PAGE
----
A number of Kentish tower and smock mills have external doors, which being well above the stage at meal floor level, open out into "thin air". Few mills having this arrangement survive and the use of these doors is open to conjecture unless positive information is available.
A survey of Benenden smock mill showed a doorway leading off the stone floor. Its sill is some 1' 5" (43 cm) below the stone floor level. Woodchurch Lower Mill, which is currently being reconstructed has a similar which is kept in the new structure.
A study of 122 of the photographs in Watermills and Windmills by W Coles Finch shows this door clearly on one tower mill and eleven smock mills, with a possible one more tower and four smock mills possessing it. As photographs show slightly less than halfway round a mill, these figures should probably be doubled at least.
The true purpose of these doors is uncertain, but their use may be surmised. One is lead to presume that the door is in essence a maintenance facility, but that with the clear infrequency of use it could be troubled with rusted hinges etc, besides water ingress problems. It seems likely that the south to west sides were avoided.
One may suppose that the door was used to bring in and out machinery parts which are too big to handle via the stairways or sack hoist route, but the infrequency of this requirement would hardy seem to warrant fitting a doorway for the purpose.
Perhaps a more frequent use was the handling of millstones which would other- wise need floorboards to be lifted for passing them up. However, the doorways do not seem to be well suited to this as the weight would necessitate powerful lifting equipment which requires a good suspension point. Another problem would be to avoid damage to the smock weatherboarding and the even more difficult one of negotiating the stage, which when spring sails or common sails were fitted would typically be some 8–9' (2·5 m) wide and even further than this distance from the doorway situated part way the sloping side of the mill. There is a possibility of finding a suitable anchor point on the cap if it were turned to an appropriate position.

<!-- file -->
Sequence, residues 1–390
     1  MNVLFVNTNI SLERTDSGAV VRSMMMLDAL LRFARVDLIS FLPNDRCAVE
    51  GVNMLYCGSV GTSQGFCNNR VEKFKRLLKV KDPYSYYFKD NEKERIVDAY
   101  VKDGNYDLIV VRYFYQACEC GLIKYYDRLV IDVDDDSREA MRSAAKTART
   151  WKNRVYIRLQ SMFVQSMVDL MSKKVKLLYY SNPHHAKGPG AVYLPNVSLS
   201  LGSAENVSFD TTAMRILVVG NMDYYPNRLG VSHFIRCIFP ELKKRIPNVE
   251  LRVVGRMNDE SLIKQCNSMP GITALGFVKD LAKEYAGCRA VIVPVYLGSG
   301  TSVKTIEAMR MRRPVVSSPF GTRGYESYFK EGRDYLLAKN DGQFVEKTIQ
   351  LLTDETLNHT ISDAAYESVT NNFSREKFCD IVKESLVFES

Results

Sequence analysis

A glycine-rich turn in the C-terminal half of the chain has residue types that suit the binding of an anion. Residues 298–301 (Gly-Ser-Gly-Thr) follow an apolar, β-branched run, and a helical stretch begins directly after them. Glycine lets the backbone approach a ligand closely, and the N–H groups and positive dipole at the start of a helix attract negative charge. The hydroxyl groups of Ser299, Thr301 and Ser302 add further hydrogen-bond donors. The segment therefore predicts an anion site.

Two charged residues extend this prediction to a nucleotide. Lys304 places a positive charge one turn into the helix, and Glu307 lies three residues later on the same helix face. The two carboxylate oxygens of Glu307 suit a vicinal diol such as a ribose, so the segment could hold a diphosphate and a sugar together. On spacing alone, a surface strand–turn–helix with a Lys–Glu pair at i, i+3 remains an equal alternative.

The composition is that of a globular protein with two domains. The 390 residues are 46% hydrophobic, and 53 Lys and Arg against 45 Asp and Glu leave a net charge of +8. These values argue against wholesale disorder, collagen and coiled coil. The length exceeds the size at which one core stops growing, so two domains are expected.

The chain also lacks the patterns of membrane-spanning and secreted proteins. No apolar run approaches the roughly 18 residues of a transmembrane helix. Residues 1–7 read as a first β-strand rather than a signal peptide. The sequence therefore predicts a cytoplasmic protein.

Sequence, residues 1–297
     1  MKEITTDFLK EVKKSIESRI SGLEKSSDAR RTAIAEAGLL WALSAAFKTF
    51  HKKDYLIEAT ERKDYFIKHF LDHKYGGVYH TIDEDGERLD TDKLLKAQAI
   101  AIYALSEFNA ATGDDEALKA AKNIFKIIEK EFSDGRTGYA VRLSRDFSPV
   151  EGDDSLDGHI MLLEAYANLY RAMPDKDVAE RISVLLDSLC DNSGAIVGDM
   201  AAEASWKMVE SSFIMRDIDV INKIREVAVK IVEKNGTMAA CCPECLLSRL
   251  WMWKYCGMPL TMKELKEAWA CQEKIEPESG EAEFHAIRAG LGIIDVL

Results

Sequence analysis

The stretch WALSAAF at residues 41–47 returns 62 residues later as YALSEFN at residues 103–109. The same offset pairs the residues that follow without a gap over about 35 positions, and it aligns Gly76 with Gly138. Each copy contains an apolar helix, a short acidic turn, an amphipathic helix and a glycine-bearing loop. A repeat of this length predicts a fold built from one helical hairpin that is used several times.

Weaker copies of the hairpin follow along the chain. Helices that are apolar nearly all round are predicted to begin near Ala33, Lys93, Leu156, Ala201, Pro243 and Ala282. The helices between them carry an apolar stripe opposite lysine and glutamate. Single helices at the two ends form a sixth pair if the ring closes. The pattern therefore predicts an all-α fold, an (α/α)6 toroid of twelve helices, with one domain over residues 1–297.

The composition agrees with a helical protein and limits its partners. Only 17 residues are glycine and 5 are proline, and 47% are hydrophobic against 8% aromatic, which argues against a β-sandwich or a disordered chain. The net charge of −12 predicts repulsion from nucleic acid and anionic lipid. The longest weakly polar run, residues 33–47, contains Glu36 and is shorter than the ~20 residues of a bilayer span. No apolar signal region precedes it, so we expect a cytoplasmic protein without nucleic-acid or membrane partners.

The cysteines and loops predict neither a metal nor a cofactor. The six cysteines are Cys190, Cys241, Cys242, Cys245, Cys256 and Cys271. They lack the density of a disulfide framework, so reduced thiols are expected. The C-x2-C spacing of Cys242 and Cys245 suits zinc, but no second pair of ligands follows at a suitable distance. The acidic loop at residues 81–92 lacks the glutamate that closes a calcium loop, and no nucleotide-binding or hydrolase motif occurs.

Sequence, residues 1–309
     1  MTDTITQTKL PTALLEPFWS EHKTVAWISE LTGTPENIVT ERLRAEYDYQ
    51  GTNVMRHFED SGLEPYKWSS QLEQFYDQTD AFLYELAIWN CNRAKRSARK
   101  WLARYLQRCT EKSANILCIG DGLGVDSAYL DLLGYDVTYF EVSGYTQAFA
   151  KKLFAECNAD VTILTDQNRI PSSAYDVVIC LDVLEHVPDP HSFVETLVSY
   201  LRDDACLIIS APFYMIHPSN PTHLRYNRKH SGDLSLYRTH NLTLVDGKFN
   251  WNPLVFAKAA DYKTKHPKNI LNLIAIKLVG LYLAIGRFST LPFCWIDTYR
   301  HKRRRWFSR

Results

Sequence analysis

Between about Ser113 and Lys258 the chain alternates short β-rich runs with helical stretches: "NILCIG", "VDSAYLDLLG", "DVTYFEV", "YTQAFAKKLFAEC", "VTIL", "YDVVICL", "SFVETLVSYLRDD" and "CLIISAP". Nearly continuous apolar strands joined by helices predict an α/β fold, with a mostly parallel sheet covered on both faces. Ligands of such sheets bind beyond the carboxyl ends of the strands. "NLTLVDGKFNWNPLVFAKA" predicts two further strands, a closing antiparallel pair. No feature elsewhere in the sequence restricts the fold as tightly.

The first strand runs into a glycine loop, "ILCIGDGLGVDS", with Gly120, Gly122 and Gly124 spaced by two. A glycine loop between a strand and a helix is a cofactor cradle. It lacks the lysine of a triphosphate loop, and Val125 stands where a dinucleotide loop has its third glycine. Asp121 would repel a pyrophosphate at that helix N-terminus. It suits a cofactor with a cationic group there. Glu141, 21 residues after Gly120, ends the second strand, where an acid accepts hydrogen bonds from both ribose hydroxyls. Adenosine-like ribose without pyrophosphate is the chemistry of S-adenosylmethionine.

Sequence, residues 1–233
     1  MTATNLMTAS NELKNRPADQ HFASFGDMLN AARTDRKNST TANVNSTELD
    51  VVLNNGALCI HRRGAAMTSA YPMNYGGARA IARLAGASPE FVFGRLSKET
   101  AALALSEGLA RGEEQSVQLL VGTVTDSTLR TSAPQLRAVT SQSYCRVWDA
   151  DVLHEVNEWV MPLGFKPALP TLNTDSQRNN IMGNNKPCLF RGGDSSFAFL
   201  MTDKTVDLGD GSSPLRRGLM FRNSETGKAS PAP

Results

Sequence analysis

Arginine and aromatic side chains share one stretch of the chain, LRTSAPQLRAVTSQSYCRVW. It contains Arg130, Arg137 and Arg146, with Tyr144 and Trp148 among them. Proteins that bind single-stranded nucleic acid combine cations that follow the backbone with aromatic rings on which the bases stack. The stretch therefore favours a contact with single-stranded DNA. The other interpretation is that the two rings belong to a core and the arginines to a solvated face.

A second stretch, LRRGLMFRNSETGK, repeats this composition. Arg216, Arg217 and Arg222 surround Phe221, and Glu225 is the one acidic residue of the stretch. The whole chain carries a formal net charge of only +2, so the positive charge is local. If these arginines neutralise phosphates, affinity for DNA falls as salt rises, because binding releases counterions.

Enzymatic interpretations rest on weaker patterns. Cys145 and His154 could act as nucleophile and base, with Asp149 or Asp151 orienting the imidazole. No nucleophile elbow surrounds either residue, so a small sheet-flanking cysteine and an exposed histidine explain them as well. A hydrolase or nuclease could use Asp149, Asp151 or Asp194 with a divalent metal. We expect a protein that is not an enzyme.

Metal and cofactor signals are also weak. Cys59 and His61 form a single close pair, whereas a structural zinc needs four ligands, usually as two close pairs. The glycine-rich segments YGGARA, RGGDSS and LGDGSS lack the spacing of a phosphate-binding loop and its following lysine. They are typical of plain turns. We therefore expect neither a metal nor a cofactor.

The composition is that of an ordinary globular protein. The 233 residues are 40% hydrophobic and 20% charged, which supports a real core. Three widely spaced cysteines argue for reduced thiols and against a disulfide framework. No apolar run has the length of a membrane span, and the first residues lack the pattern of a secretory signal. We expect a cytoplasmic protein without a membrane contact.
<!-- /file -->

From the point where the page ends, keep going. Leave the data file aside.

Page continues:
|Plunkett||Did you say that the feature occurs with most types of mill in Kent?|
|Jarvis||Smock mills and tower mills. I have found one tower mill which is pretty certain, and another which is rather vague. Many of the pictures in Coles-Finch are of mediocre quality, taken from some distance away, and it is not always certain what markings on the side may be - whether a doorway, a patch of roofing felt, or what. That is why I have a number of possibles rather than certainties.|
|Plunkett||There is no difference in the position of these doors?|
|Jarvis||No, they all appear to be one storey up from the stage, which is always at meal floor level.|
|Bryan||Are you sure that the level of the stage has not been altered, for instance when sails were changed from common to patent?|
|Jarvis||I think it highly unlikely, as photographs exist of the mill when it had a wooden windshaft (though it had spring sails), which was replaced by iron in the 1890s. The joists of the stage were set into the brick- and there is no evidence that they were ever changed.|
|Davison||Would it be for use in constructing the mill, which would not be used afterwards?|